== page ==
It’s no secret that we feel better about ourselves when we dress well. That confidence translates to better posture, improved eye contact, enhanced mood, and a significant boost in self-esteem. By dressing the part, you’ll send a signal to your coworkers that you ARE the “real thing,” and your superiors will notice, too. Best of all, you’ll feel empowered.
There’s no need to overspend on a new wardrobe, though. A good rule of thumb is to dress “up one level” from your previous position. If your team wears polo shirts and denim, step up with a blazer or a blouse and new shoes. Once you’ve stepped up your appearance, it’s time to challenge yourself.
4. Challenge Yourself at Work
Assuming you aren’t wholly overburdened at the moment with yearly inventory or tax time, or completely short-staffed for whatever reason, it’s time to take on a challenge. The key is to choose a challenge that’s achievable with hard work. It shouldn’t feel like picking cherries. That won’t do anything for your self-confidence.
Stumped for ideas? You could try:
- Topping last year’s sales numbers by 10%
- Finding an entry-level employee who needs mentoring and helping them along
- Vetting a new technology that might help your department or organization
Now that you’re feeling more confident about your abilities at work, it’s time for some further professional development.
5. Continue Your Professional Development: Take a Class or Join a Club
Ongoing professional development is crucial in the battle against insecurity syndrome. Distance learning is more affordable and appreciated in the wake of COVID-19, and online classes abound for practically any professional skill you’d like to learn. If academics don’t excite you, there are other ways to continue your professional development.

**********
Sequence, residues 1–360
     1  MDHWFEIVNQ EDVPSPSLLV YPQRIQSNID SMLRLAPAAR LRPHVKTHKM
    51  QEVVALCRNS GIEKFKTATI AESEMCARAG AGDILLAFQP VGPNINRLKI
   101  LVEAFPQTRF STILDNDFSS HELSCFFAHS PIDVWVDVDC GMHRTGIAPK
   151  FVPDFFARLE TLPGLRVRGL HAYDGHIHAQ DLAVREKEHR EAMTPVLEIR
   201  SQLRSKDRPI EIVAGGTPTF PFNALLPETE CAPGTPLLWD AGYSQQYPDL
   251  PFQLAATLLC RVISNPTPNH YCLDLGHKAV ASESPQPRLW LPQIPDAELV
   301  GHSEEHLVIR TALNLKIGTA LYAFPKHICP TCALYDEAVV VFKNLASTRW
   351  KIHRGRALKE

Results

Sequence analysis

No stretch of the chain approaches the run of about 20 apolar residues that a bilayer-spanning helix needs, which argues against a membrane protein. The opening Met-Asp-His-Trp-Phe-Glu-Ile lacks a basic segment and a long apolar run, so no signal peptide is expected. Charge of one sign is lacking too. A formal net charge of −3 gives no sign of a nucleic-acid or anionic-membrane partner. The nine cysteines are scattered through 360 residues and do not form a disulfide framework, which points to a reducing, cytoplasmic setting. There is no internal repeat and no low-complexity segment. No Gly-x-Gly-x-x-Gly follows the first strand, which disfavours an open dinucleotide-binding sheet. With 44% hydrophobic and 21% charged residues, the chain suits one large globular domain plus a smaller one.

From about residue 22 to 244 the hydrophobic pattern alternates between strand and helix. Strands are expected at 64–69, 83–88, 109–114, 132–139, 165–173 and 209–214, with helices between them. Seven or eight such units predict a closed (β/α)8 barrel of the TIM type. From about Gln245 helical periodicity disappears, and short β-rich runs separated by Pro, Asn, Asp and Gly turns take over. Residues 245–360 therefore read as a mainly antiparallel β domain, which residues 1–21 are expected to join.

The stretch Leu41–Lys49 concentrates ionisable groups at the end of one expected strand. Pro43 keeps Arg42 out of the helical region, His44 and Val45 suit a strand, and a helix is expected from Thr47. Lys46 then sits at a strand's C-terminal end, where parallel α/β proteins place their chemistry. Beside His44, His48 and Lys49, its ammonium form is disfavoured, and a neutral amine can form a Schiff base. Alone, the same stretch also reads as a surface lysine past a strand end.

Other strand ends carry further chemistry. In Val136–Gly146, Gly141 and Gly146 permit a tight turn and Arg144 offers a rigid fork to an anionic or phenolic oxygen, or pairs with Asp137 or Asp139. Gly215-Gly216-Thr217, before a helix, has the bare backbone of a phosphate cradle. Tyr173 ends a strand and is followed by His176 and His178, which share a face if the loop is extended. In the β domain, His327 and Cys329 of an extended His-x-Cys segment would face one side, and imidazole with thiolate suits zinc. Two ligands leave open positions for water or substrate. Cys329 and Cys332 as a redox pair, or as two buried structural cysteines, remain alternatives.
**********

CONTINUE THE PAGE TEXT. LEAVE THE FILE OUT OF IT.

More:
You could join a club like Toastmasters International, a group that gathers to practice public speaking. Or take an interest in your local Chamber of Commerce. These opportunities will build your marketable skills and fluff your resume, and they also provide excellent networking opportunities and professional connections. A career coach can also help.
Now that you’re enjoying the benefits of professional development, don’t forget to care for your mental health and well-being.
6. Make Self-Care a Priority
Human beings are primates and herd animals. It’s genetically built into us to seek safety and social status. That’s why otherwise nice people can become catty or downright mean in the workplace, especially if they sense a weakness in others. Workplace bullying is another genuine phenomenon.
Low self-esteem is easy to spot among coworkers. An unkempt appearance, slouching figure, and lackluster presentations send unspoken signals to others that an individual is unwell or unhappy. Demolish monkey-like attempts to undermine your success by getting a good night’s sleep and some endorphin-boosting exercise regularly. Maybe you’d enjoy playing for an amateur sports league.
Imposter syndrome pales when we remember there’s more to life than work! And this segues nicely into our last tip for defeating imposter phenomenon in the workplace: put your mind in the right place by developing a growth mindset.
7. Develop a Growth Mindset
Finally, understand that your professional abilities are not set in stone. We can continue to learn and grow in countless ways — in both our personal and professional lives. From online classes to clubs, sports organizations to self-help books, the concept that you can always improve yourself is an excellent defense against the workplace imposter phenomenon holding you back.
If you’re beginning this process of self-discovery and advancement, we’d suggest you try the book “Mindset” by Carol Dweck for inspiration. And in the meantime, practice our seven steps against imposter syndrome in the workplace. You’ll be proud of the results!